13WMAZ, Mercer University’s Center for Collaborative Journalism, Georgia Public Broadcasting and the Macon Telegraph have partnered to bring you the Macon Food Story.
Over the next year, all the above news organizations will be working together to share stories on a topic that everyone is familiar with – food.
From the culture of southern food, to food access and the health of the region, we're exploring the food habits of the South hoping to answer the question: What does the food we eat say about the life we live?
To understand food insecurity, it’s important to define who lives in poverty.
For the federal government, it’s a mathematical equation.
The poverty thresholds are updated each year by the Census Bureau and adjusted for inflation using the Consumer Price Index.
- The consumer price index, or CPI, is a measure of the average change over time if the prices paid by urban consumers for a basket of goods as service (U.S. Bureau of Labor Statistics)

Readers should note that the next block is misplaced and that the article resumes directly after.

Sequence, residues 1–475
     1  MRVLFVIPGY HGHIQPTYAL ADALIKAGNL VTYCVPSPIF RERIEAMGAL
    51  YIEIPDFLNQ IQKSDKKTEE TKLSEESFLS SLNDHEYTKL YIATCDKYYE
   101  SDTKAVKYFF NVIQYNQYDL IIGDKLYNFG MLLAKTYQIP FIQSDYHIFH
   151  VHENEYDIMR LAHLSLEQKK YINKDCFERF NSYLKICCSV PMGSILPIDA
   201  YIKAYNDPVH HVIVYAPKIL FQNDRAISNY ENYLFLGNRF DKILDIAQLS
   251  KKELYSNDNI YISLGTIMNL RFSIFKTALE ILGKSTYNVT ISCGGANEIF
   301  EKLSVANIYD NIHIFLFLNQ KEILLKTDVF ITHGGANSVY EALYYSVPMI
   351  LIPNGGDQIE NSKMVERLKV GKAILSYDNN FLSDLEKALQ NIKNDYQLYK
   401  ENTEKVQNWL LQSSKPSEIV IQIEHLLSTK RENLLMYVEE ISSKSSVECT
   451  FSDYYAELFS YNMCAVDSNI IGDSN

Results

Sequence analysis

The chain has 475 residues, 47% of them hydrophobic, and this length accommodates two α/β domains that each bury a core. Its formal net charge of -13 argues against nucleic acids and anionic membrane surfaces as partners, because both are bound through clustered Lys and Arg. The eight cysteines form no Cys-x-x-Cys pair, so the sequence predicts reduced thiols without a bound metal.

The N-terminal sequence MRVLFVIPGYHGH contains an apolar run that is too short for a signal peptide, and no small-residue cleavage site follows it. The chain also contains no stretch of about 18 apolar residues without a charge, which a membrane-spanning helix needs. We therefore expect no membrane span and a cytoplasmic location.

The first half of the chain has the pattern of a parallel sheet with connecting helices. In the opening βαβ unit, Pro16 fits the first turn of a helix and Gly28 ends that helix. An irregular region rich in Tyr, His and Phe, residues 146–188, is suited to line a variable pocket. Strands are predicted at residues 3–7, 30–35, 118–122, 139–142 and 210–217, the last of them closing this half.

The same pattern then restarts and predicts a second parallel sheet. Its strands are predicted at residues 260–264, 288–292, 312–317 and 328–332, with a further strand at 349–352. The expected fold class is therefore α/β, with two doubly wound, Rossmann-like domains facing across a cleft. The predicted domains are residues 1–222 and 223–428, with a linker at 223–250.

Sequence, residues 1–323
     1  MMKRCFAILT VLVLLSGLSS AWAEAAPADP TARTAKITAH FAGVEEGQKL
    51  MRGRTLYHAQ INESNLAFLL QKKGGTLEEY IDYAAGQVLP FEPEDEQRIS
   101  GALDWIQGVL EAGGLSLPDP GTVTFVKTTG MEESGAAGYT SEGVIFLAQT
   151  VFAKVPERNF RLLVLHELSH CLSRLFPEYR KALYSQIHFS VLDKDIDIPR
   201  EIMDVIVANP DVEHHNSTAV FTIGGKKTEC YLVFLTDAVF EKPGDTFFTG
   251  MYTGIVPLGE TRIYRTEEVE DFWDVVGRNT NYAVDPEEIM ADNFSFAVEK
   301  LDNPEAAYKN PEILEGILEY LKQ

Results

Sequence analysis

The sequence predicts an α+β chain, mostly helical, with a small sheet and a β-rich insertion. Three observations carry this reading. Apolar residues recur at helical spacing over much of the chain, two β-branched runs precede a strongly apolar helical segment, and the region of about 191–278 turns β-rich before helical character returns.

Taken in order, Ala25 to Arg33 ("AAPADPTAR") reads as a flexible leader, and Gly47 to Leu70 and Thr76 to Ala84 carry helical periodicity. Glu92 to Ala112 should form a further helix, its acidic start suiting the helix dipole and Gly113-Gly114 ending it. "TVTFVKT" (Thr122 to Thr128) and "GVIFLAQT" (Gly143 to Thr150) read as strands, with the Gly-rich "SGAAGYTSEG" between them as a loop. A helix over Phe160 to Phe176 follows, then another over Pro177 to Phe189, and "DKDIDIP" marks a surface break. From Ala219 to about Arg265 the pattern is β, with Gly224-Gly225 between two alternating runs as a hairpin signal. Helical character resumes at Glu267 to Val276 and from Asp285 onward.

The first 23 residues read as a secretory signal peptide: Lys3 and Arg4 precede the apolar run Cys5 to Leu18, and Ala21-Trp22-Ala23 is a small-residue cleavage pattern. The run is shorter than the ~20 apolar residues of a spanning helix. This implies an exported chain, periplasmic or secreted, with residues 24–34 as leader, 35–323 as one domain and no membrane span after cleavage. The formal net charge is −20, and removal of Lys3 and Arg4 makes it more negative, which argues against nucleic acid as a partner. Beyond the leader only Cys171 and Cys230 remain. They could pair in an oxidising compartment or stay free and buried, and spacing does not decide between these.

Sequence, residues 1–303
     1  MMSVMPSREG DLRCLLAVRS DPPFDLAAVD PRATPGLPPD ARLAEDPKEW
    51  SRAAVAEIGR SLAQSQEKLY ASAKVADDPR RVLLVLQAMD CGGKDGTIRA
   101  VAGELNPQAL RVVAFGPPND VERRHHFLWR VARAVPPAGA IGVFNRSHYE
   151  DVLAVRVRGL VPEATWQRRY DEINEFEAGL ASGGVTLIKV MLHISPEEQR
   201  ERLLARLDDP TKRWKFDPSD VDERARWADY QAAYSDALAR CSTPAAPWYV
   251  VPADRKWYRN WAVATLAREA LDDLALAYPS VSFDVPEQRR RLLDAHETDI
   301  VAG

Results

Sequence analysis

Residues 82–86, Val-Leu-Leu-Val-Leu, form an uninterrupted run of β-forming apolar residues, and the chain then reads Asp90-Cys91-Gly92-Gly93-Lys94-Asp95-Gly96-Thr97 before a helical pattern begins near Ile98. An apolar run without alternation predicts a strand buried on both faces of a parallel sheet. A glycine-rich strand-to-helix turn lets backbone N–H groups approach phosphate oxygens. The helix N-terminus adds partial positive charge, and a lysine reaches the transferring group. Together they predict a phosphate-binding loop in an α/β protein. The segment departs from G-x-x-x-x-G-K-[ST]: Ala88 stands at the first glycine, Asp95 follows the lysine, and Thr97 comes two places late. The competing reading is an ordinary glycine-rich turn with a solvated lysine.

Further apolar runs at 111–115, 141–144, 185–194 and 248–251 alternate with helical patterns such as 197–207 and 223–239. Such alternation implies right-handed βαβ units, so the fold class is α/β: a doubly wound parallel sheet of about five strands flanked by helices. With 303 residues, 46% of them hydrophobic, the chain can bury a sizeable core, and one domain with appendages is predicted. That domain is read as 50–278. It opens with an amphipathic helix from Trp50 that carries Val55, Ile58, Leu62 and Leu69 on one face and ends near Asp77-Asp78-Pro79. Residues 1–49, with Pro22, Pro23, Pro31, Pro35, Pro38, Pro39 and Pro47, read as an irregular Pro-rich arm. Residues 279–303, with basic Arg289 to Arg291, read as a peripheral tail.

The official poverty definition uses income before taxes and does not include capital gains or non-cash benefits.
- A capital gain is when you sell something for more than you spent to get it (TurboTax)
Basically, for one person, if you make less than $12,600 before taxes… you live in poverty.
$4,180 is added for each additional person in your household.
So, for a family of four, if your annual income before taxes is less than $24,600, you live in poverty.
It’s a statistical national average and it’s used to determine if an individual or family qualifies for certain federal programs like Section 8 housing vouchers, Medicaid and food stamps.